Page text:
Ataxia-cause Patterns Emerge in Study but Researchers Unable to Establish Any in a Third of Cases
A group of brain diseases known as sporadic late-onset acute cerebellar ataxias have been attributed to lots of causes, so an American research team decided to study 80 patients to try to find patterns.
They identified some patterns, but their two-year study’s findings basically backed up scientists’ long-held contention that there are many, many causes of the diseases, which include Friedreich’s ataxia.
One pattern was that the leading cause of ataxia in the patients studied was a neurological disorder known as multiple system atrophy. Another pattern was that inherited diseases were the second leading cause of ataxia in the patient population. Still another pattern was that the researchers were unable to identify any cause of ataxia in a third of the patients.
Trying to pinpoint causes required extensive neurological and non-neurological tests, the researchers added.
The study, “Deciphering the causes of sporadic late-onset cerebellar ataxias: a prospective study with implications for diagnostic work,” was published in the Journal of Neurology.
One of the researchers’ goals was to come up with a list of as many potential causes of ataxia as they could, and see if there was a fit between the causes and patients’ symptoms.
The team included in their study patients at their medical center who had developed a cerebellar ataxia after they were 40 years old.
Researchers gave each of the patients comprehensive general-health and neurological examinations. One was a test for assessing the severity of ataxia known as the Scale for the Assessment and Rating of Ataxia, or SARA. Another was a test evaluating patients’ level of disability from one of the diseases, known as the Spinocerebellar Degeneration Functional Score, or SDFS. Other tests dealt with patients’ disease-related cognitive impairment.
The research team also ordered laboratory tests, electrophysiological and imaging tests, and genetic analyses of the patients.
Despite the battery of tests, the team was able to establish a cause for ataxia in only 65 percent of the patients.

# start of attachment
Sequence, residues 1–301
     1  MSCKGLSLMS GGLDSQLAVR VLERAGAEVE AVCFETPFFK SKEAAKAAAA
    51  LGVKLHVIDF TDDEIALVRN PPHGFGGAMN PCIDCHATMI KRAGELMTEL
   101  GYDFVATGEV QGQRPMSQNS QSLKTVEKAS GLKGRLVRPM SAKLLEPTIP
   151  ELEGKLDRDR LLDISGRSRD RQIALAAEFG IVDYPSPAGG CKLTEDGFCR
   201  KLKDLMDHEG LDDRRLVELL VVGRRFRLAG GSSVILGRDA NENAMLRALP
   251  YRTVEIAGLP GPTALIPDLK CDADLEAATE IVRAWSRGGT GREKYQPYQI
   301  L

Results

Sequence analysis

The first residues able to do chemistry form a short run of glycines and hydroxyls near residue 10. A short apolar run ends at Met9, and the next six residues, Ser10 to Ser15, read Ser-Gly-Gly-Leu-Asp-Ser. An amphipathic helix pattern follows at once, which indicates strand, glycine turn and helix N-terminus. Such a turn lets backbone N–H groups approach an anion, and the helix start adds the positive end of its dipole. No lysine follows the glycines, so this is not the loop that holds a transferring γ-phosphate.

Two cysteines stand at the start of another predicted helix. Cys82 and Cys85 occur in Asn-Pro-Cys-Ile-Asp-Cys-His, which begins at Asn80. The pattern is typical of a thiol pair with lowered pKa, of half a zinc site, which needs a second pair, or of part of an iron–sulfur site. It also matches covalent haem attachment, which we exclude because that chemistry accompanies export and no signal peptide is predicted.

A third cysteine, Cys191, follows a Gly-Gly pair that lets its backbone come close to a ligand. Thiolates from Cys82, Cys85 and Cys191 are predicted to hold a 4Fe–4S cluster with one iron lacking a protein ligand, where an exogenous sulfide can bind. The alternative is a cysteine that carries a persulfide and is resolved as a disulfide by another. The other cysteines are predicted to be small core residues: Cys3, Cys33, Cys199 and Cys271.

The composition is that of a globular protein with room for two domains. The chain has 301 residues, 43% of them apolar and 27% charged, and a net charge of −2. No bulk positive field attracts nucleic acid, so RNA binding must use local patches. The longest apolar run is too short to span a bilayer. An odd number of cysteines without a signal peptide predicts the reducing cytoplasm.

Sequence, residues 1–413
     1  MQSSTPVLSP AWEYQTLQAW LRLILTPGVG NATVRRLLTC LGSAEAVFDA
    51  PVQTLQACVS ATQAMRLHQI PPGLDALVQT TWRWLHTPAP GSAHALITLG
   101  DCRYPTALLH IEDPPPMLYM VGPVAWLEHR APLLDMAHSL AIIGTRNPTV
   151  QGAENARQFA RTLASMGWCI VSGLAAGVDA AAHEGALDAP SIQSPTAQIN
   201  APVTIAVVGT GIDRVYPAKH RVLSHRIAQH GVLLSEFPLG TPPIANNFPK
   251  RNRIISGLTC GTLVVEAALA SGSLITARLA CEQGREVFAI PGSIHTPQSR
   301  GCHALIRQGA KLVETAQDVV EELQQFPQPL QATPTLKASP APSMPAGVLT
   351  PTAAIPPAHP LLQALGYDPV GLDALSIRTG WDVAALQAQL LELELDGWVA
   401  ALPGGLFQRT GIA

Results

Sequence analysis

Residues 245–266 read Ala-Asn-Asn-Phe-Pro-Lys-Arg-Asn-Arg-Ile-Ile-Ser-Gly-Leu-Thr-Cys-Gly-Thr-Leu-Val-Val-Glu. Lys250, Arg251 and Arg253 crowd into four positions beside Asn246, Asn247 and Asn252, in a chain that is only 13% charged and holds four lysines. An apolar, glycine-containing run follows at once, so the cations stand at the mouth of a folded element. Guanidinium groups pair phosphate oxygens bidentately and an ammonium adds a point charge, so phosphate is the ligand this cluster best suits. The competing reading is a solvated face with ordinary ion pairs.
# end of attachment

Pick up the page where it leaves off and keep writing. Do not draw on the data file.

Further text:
The most common cause was multiple system atrophy, or MSA-C, with the C standing for a cerebellar dysfunction subtype.
MSA is a rare neurodegenerative disorder characterized by progressive failure of involuntary movement muscles, ataxia and parkinsonism. Parkinsonism is not the same as Parkinson’s disease. It refers to a group of neurological disorders that cause movement problems similar to those seen in Parkinson’s, such as tremors, slow movement and stiffness.
The cerebellar variation of MSA, or MSA-C, is a subtype of the disease. Its hallmarks include uncoordinated arm and walking movements, slurred or slow speech, and eye movement problems.
Researchers said the inherited diseases that collectively constituted the second largest cause of ataxia included “spinocerebellar ataxias, late-onset Friedreich’s disease, SLC20A2 mutations, fragile X-associated tremor ataxia syndrome (FXTAS), mitochondrial encephalopathy lactic acidosis and stroke-like episodes (MELAS), and other mitochondrial diseases.” Mitochondrial diseases impair the functioning of mitochondria, components of cells that convert food into energy.
The research team was unable to find a cause of ataxia in a third of the patients they diagnosed with the disease, despite exhaustive analysis.
An interesting finding was that these patients’ ataxia progressed slower than the diseases in those where a cause was identified.
The age when patients developed ataxia affected its progression, the team said. It progressed faster in those who developed it later.
Overall, “sporadic late-onset cerebellar ataxias should be exhaustively investigated to identify the underlying causes that are numerous, including inherited causes, but dominated by multiple system atrophy,” the researchers concluded.